"I have no problem with most everything about Christianity except for its central claim, which is this idea of vicarious atonement via human sacrifice. I'll admit it: I have a hard time wrapping my mind around the idea of someone else dying for my sins."

Me too. The reality of human (and animal) sacrifice throughout history and pre-history just creeps me out. And yet, there it is, central to our Theology.

"The law has a positive and teleological function, not just a repressive one. It doesn't mean that sin doesn't exist, but that sin blocks intimacy with God and puts up a roadblock to our own spiritual evolution."

Yes, that resonates with me.

10/22/2015 12:02:00 PM  
Blogger neal said...

Well, most pathogens use innocent genetic information as cover for invasion. Gives the Host fever.
Of course, some pathogens end up serving the Host, recovering some variation of original instruction.

Some are stubborn, and die in the heat. Using what is hidden in the blood serves a certain incarnation for homo sapiens.

That is finished. No more entropy, and no more hiding, eventually.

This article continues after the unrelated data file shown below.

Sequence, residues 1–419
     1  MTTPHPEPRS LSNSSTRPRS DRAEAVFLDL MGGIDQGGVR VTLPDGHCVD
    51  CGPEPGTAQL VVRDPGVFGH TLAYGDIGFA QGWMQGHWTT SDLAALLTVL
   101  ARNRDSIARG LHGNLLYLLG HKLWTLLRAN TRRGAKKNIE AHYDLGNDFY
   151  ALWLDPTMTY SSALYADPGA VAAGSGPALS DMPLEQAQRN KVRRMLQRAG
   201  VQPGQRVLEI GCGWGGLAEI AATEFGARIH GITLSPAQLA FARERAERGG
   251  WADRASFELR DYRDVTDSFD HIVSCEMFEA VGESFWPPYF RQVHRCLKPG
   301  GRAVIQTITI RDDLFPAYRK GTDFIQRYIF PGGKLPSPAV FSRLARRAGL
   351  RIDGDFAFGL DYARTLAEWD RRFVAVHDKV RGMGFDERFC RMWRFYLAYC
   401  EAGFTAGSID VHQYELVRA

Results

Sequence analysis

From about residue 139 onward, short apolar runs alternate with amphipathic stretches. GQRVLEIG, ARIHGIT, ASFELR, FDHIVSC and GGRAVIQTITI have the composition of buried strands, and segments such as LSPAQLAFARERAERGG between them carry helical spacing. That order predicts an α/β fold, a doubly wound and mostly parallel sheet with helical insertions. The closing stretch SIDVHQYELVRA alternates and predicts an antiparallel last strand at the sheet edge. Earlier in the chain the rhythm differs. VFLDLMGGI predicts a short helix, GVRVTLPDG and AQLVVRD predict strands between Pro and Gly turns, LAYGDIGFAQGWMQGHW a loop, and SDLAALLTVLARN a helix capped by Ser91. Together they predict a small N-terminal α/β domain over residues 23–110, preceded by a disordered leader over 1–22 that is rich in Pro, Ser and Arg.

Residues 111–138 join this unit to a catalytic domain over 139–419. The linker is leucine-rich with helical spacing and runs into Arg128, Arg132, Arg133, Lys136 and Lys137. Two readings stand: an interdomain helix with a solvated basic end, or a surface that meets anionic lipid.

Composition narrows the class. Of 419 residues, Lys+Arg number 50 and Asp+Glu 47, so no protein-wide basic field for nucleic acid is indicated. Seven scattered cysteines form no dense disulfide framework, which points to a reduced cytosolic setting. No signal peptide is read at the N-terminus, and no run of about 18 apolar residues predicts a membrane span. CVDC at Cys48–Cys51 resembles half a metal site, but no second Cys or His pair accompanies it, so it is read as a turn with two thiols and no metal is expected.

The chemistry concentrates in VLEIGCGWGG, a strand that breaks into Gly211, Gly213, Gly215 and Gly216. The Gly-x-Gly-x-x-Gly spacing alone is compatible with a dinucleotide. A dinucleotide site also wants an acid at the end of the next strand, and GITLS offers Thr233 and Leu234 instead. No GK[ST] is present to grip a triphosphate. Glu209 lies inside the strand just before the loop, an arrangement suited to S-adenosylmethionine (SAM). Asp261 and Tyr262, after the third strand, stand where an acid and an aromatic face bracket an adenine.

You know, Adam walked with God, and was raised by wolves. He even got to name his godparents.
Then his damned kids started to eat the ones that put in all the effort.

Frustrating. Bambi going off the rez. And making so much very less human in the process.

10/22/2015 01:24:00 PM  
Blogger mushroom said...

God had a plan, but they jumped the gun

As I may here, but that is what I have understood for a long time. The Tree of Life was in the midst of the Garden, and they were going to be allowed to eat from it, and probably the Tree of Knowledge at the appropriate time. In fact, we can generally define sin as doing the right thing the wrong way at the wrong time.

10/22/2015 01:46:00 PM  
Blogger Ann Kellett said...

Isn't this basic Eastern Orthodoxy?

10/22/2015 05:20:00 PM  
Blogger Gagdad Bob said...

Yes. The book mentioned in the post -- A Different Christianity -- was my first exposure to it.

10/22/2015 05:27:00 PM  
Blogger Cond0011 said...

" I have no problem with most everything about Christianity except for its central claim, which is this idea of vicarious atonement via human sacrifice. "

I think Human Sacrifice (dying for someone else) is the ultimate in Charity.

You see someone in need of help, whether its not-enough-change-to-buy-a-coffee to Flat-tire to saving someone from being mugged.

I don't think any right minded christian goes out there looking to die for someone (which really could easily mutate into Vain-Glory), yet on occasion it does.

As with anything to do with charity, you are 'called'.

Thus sacrifce happens.

In the meantime, enjoy the slacktime!

10/22/2015 07:30:00 PM